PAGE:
• newswise-fullscreen A Tailored Approach to Minority Tobacco Cessation Programs

    Lisa Sanderson Cox, PhD

  • newswise-fullscreen A Tailored Approach to Minority Tobacco Cessation Programs

    Nikki Nollen, PhD

  • newswise-fullscreen A Tailored Approach to Minority Tobacco Cessation Programs

    Won Choi, PhD

Newswise — The adage, “cancer does not discriminate,” can be misleading. It often seems that cancer incidence and death is random and unpredictable. Sometimes that is the case. However, cancer rates and trends across all populations clearly indicate that some groups are affected more than others.

Many racial and ethnic minority groups in the U.S. have higher death rates from cancer than whites. A host of factors attribute to these disparities including awareness of prevention strategies and access to screenings and care.

The University of Kansas Cancer Center established its Cancer Control & Population Health research program to identify better ways to bring cancer control efforts to such high-risk and underserved communities. Kansas has a diverse population that includes African Americans, American Indians, Latinos and people in rural areas.

KU Cancer Center researchers are working to bridge the gap in cancer prevention and care, reaching out to communities that often fly under the research radar. Researching and developing culturally-tailored tobacco cessation strategies is one of the program’s primary areas of focus.

Decades-long collaboration connects researchers with patients

African Americans usually smoke fewer cigarettes and start smoking at an older age. Yet they are more likely to die from smoking-related diseases, including cancer. Lisa Sanderson Cox, Ph.D., research associate professor, and Nikki Nollen, Ph.D., associate professor, are looking at ways to customize tobacco cessation treatment plans for African Americans.

“Underserved communities have reduced access to tobacco treatment. Their disease burden related to tobacco is much higher than the general population,” Cox says. “They are a very important group to reach out to.”

Complicating matters, African Americans are underrepresented in clinical trials.

“These trials are designed to identify effective courses of tobacco cessation. The clinical trial participants need to represent the actual patients who may follow the course of treatment,” Nollen says.

Cox adds that this gap can be problematic, noting that of the hundreds of tobacco cessation trials that have been conducted, only a handful have exclusively studied African Americans.

Results from these studies help direct the best ways to treat patients, so it is important that the recommended treatments are effective for a variety of people.

To tackle this issue, Cox and Nollen have helped foster a 20-year relationship with Swope Health Services Central, a Federally Qualified Health Center located in Kansas City, Missouri. More than 85 percent of Swope’s patient population is African American.

Several funded tobacco cessation trials have taken place with this group. Most recently, Cox and Nollen worked with more than 1,000 African American smokers to evaluate the effect of a non-nicotine and nicotine replacement medication for tobacco use treatment.

Through this partnership with Swope, more than 3,100 African American smokers to date have received no-cost medication or counseling to improve health behaviors.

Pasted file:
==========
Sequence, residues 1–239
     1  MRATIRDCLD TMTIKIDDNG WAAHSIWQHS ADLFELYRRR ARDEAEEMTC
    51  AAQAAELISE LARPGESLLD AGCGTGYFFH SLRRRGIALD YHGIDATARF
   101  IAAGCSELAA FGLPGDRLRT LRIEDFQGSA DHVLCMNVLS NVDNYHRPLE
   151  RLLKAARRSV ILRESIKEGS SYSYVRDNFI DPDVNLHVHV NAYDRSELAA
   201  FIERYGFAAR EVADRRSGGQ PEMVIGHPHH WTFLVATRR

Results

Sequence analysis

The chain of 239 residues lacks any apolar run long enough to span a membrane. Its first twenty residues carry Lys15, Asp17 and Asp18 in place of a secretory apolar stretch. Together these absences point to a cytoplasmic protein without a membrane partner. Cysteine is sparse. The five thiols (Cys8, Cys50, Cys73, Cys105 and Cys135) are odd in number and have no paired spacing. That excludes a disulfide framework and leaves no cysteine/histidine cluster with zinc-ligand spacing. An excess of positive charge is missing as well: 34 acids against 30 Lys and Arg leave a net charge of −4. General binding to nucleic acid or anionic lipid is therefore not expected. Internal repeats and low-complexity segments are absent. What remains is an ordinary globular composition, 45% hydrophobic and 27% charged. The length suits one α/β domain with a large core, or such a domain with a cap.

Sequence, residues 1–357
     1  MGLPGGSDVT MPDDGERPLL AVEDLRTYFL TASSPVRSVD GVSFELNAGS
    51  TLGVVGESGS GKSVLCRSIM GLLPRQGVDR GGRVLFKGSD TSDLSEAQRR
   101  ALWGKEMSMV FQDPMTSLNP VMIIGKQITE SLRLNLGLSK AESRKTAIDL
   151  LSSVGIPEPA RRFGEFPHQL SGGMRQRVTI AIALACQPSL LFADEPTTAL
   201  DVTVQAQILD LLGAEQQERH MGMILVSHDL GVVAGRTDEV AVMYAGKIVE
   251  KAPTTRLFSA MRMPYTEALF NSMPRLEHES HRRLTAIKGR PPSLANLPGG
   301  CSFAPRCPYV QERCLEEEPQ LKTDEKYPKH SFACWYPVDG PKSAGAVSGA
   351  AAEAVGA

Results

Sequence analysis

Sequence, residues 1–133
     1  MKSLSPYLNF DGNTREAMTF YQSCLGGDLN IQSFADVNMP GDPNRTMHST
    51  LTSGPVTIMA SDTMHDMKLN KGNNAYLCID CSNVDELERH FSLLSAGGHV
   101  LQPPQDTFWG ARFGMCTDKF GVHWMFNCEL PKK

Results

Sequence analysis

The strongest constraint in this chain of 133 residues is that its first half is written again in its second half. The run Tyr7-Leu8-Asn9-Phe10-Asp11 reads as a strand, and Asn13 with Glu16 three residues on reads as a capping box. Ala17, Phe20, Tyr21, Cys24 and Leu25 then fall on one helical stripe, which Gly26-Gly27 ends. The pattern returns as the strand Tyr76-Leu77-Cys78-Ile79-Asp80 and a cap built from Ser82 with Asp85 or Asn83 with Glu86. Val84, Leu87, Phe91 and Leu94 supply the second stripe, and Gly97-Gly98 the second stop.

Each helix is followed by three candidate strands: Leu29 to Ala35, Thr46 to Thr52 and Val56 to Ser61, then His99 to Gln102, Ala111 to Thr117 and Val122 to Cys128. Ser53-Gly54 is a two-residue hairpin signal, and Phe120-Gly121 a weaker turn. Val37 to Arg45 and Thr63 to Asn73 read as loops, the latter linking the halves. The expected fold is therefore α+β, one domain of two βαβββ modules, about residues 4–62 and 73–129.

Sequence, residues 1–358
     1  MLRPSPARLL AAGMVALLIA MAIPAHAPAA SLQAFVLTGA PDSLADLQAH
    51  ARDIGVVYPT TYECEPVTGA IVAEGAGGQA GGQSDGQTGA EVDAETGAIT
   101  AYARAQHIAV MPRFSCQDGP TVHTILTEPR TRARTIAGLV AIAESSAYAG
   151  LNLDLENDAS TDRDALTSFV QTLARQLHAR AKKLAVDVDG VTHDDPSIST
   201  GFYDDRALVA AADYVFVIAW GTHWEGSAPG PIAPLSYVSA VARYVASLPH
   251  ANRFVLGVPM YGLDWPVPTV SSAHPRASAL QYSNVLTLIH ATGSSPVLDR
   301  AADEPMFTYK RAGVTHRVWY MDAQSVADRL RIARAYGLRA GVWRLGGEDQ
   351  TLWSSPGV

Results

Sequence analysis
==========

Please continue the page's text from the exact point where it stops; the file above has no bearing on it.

Honoring sacred traditions

American Indians have the highest prevalence of cigarette smoking, approximately 30 to 40 percent, compared to all other groups in the United States.

Won Choi, Ph.D., professor, and Christine Daley, Ph.D., MA, SM, professor and director for the Center for American Indian Community Health (CAICH), have worked with American Indians for about 15 years to address this challenge. Factors influencing their higher rate of cigarette smoking include socio-economic issues and a lack of effective culturally tailored programs.

Similar to African Americans, American Indians are seldom exclusively studied when it comes to tobacco research. In response to this, a program developed specifically for American Indians called “All Nations Breath of Life” was established by KU Medical Center’s CAICH researchers and regional American Indian communities. It is the first scientifically tested culturally tailored smoking cessation program designed for this group. Tobacco is viewed as a sacred plant, and All Nations Breath of Life promotes honoring it rather than abusing it recreationally.

The American Indians who take part in the program research are more than participants – they are partners. This approach, called community-based participatory research, gives all stakeholders an equitable part in decision-making and ownership.

“Traditionally, the scientist drives the research. Here, it’s the community. They remain an equal teammate at every step,” Choi says.

Most recently, Choi and Daley partnered with tribal colleges to target college smokers. Funded by a National Institutes of Health RO1 grant, the five-year study will examine the effect of an internet-based All Nations Breath of Life program on participants.

While focusing on underserved populations can lead to unique challenges, KU Cancer Center researchers are committed to bridging the gap in treatment.

“It takes time to establish these partnerships, but we have found that if you develop relationships within the community and establish a trusting space, people will participate in research,” Cox says. “It is possible to overcome barriers.”

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